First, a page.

Things I’ve Learned

10 Sep

The last few weeks have been a real eye opener.  I have learned the following things:

– No one wants to hear about my injuries

– My body is completely out of alignment (however see point above, so no more on this)

– Talking to people is hard work

– People like to talk about themselves

– I have absolutely nothing interesting to say

So, umm.  That could bring this post to a grinding halt!  But instead let me tell you why.  I am not good at making friends, and I am told that the way to make friends is to practice talking to people.  So for the past few weeks every opportunity that I’ve had to socialise with other people I have made an effort to talk and to ask others about themselves.  But once you get past “what do you do?”, “how long have you been doing that?, “where are you from?” and “are you on twitter?”, what else is there to ask that isn’t too personal for someone you’ve just met?

About half the people I’ve spoken to have happily carried on the conversation by themselves with very little input from me.  When they say something interesting I grasp onto it like a life raft to ask a follow up question.  The conversation flows smoothly.  But that involves me concentrating hard on listening to what they’re saying (something I’m not too good at).  So far I’ve succeeded with this approach.

The other half, however, give very short answers, no context and nothing away.  I try to fill in the gaps by saying something about me, which is met with a stare like I’ve grown another head (hence why I feel I have nothing interesting to say).  These conversations die a quick death and then it’s, well, downright awkward.  I have found myself backing away slowly from these types of conversations.  Literally.  I put it in the too hard basket.  But what if they’re the only person to talk to?  How do you carry on a conversation with these types of people?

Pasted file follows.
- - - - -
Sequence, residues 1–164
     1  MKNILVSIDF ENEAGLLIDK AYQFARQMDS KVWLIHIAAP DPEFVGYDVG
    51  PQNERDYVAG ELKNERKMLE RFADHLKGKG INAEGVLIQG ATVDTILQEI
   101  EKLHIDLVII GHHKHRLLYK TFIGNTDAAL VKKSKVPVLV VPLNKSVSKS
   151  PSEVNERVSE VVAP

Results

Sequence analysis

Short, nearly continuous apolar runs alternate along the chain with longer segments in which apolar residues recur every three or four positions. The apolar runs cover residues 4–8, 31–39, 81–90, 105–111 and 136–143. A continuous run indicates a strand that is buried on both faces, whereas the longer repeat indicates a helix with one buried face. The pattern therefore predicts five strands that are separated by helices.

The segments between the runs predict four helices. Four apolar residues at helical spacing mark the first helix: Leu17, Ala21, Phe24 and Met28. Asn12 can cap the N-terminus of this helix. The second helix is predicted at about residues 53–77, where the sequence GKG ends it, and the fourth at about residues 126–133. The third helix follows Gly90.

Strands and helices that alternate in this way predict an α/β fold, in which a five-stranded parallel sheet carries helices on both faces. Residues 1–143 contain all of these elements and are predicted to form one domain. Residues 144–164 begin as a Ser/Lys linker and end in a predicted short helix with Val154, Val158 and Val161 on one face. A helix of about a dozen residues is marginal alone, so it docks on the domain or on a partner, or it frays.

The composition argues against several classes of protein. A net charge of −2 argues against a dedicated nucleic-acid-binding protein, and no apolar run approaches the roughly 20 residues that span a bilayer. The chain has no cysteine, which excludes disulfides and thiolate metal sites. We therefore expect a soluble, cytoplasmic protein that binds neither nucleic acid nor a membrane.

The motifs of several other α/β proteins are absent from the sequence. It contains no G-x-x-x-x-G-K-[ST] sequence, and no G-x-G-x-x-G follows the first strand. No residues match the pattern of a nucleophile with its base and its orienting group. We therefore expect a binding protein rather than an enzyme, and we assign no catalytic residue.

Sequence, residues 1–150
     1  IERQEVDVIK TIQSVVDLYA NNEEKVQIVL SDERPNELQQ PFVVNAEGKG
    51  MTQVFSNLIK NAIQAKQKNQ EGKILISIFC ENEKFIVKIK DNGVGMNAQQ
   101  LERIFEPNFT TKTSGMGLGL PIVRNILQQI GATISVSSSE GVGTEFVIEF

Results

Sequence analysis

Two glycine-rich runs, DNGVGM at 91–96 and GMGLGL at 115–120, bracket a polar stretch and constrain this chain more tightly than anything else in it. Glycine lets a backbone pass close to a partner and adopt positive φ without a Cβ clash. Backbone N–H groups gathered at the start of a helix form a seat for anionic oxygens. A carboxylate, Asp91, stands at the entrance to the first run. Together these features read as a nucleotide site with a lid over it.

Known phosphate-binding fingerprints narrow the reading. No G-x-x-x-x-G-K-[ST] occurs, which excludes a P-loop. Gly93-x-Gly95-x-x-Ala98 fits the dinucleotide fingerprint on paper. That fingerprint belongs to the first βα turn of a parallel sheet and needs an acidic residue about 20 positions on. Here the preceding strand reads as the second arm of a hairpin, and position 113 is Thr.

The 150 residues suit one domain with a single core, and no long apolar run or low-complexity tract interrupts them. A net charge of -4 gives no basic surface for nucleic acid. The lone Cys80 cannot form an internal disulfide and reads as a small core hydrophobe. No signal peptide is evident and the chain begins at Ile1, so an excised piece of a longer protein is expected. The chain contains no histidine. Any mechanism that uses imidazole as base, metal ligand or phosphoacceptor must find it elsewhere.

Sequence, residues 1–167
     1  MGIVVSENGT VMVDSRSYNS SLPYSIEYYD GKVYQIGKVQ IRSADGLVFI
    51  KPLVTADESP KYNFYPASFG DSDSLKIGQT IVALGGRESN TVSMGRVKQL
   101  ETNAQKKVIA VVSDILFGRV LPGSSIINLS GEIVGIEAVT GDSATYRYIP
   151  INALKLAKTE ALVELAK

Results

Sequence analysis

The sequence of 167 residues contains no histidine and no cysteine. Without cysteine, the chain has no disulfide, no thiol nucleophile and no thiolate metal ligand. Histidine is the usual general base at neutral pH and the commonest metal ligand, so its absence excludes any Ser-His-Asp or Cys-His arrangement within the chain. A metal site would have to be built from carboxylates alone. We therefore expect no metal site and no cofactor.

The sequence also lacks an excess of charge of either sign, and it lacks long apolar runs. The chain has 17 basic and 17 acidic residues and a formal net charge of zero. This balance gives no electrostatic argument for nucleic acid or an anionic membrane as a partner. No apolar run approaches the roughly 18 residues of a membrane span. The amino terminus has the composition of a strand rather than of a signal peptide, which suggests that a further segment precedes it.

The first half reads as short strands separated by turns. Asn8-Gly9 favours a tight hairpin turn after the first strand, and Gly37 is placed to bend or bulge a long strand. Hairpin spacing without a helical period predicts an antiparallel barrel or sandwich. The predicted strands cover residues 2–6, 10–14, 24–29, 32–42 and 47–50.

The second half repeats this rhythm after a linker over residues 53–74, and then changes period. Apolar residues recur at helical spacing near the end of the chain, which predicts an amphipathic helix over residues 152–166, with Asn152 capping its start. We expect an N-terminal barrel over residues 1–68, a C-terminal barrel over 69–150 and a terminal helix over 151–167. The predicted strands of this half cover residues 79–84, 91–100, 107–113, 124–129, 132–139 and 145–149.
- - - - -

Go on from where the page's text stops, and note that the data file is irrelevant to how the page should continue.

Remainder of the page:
Rhythm and Pain

29 Aug Exercise

“Ready? Lets go!” the instructor yelled with far too much enthusiasm. “And left, two, right, two!”

The whole class commenced movement in unison.  It was a sea of bodies attempting to demonstrate rhythm that most of them just didn’t have.  She looked around the girls surrounding her to try to get a glimpse of the instructor and follow along.  It reminded her of the aerobics classes that they used to do at high school, it was something she enjoyed.  It was also fun and a way of doing some cardio that wasn’t monotonous and repetitive.  There was a whole group of them sweating and gasping for breath together.

She didn’t have trouble keeping up.  Dance training as a child had given her coordination and rhythm that had served her well throughout her life.  This wasn’t her first time trying this class, and she was feeling good as they came to the end of the first track.

“Good work everyone!” Their over enthusiastic leader shouted, “Grab a drink if you need, join back in when you’re ready. Lets keep the momentum going!  Jogging on the spot!”

She jogged along, pleased with how high she was able to kick her feet and keep in time with the music.  Keeping to the balls of her feet, she moved forward with the class, clapping in time, then followed the instructor as he did some jumps before starting the journey backwards.  This repeated for the next several minutes, and several of the participants were starting to breathe hard, including herself.  This was good, this meant they were working!